I remember walking out of Lisboa Lounge, after a fully satisfying meal, thinking about the perks of living a simple life and how we tend to complicate things unnecessarily. That’s right – slurping clams in white wine sauce, savouring fresh octopus grilled to perfection and listening to stories born on the other end of the continent, left me with a thirst for simplicity and a need to (culinarily) unclutter my life. And here’s why.
Entering the restaurant, I am warmly welcomed by Hugo da Silva, the owner and permanent presence at Lisboa Lounge. Hugo is not a trendsetter, nor a guy madly passionate about culinary experiments. He does not romanticise food, nor the cooking of it. Rather, Hugo’s goal is to simply serve people honest food they want to eat.
The menu is as simple as the food, divided into 4 main sections: Petiscos (Snacks), Tapas, Especialidades de Case (house specialties) and big salad plates. And like any self-respecting Portuguese restaurant’s menu, seafood is a major theme. And seafood is what Lisboa Lounge does best.
The tapas, the seafood and the wine, all come fresh out of Portugal. Actually, most of the ingredients here do, right down to the olive oil. Hugo describes his regulars as rather fussy, and by that he means that quality is expected and appreciated. Being quite picky myself, I’m thoroughly studying the menu while sipping on a virgin Caipi until Hugo leans over and points out his recommendations.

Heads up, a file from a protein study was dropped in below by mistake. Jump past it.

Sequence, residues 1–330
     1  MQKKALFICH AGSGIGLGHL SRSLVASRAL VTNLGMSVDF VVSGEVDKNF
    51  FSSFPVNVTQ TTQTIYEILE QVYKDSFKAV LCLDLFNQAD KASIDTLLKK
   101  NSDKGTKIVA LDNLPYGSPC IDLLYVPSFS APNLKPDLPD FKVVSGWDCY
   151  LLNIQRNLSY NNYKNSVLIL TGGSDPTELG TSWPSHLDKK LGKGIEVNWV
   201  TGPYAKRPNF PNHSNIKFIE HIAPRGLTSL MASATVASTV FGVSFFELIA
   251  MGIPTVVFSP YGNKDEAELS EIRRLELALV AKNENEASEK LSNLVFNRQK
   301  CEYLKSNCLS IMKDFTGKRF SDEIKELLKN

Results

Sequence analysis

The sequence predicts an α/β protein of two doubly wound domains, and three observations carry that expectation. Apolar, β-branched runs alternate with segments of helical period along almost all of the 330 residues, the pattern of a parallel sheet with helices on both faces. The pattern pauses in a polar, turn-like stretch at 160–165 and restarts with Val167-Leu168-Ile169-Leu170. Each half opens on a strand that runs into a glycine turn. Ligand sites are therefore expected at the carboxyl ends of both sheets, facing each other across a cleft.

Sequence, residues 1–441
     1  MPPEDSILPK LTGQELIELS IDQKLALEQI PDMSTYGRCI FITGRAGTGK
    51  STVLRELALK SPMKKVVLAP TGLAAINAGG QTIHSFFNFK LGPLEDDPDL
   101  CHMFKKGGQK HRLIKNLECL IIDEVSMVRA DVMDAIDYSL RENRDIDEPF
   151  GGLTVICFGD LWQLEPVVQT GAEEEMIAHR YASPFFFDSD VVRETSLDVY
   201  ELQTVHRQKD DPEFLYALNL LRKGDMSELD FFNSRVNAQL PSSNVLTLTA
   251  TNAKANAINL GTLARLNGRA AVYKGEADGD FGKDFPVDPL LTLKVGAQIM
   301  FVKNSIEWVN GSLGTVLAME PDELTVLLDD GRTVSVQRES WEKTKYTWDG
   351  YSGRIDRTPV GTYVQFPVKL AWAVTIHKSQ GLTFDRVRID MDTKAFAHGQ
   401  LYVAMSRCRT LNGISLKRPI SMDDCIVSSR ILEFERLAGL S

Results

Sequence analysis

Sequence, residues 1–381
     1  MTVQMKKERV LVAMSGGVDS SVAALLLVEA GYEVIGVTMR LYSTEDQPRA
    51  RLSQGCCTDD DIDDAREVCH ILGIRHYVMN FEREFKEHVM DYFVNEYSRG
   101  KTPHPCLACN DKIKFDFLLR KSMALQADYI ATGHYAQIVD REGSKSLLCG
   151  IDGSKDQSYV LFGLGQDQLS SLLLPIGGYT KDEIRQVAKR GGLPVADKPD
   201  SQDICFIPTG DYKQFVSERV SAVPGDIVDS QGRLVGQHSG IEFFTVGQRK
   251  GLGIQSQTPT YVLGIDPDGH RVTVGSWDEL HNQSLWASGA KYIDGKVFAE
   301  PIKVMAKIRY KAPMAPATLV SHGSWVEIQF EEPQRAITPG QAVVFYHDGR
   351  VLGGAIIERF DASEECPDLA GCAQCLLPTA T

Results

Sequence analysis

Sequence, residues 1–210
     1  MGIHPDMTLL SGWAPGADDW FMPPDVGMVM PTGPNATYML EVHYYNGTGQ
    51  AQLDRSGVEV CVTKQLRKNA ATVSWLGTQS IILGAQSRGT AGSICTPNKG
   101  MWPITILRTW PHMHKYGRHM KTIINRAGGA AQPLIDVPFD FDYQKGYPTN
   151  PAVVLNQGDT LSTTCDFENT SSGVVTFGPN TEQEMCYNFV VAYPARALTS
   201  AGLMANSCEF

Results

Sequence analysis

And half an hour later, I’m surrounded by platters with fish and seafood that look like they’ve been taken out of an advertisement for a distant summer holiday.
Hugo looks at my dishes and breaks down the ingredients that went into every one of them; a modest number of about 5 per dish. He isn’t trying to hide any secret recipes since his secrets are just simplicity and high quality products. And every dish reveals that to be true.
The lightly-seasoned grilled octopus (known as Polvo A Lagareiro on the menu) is not only flavoursome, but it’s also a delight to bite your teeth into, with the chewy texture of most octopus found in this city, replaced with a tender center and slight crunch along the tentacles.
And you shouldn’t go past the Bacalhau (the staple fish of the Portuguese menu, cod) – I ventured for the Salada Bachau & Grao ( chickpeas and salted codfish salad) which blew me out of the water (excuse, but I won’t apologise, for the pun). And I take no shame in making a mess of myself when disturbing the clams from their bath in their marinade of coriander and garlic sauce.
Hugo keeps disappearing behind the bar while I distinguish between the tastes and how they swim together in each dish. As is the case most nights, they’re fully booked for the evening.
I enjoy the feast in the company of the Buena Vista Social Club playing in the background. The predictable presence of the Latin rhythms are perfectly synched with the sky blue tiles and the yellow chairs, all part of a larger colour scheme representing the colours of Lisbon.
“The sea and sun,” clarifies Hugo when he catches me looking around, as if I wasn’t already feeling close to a beach in Portugal.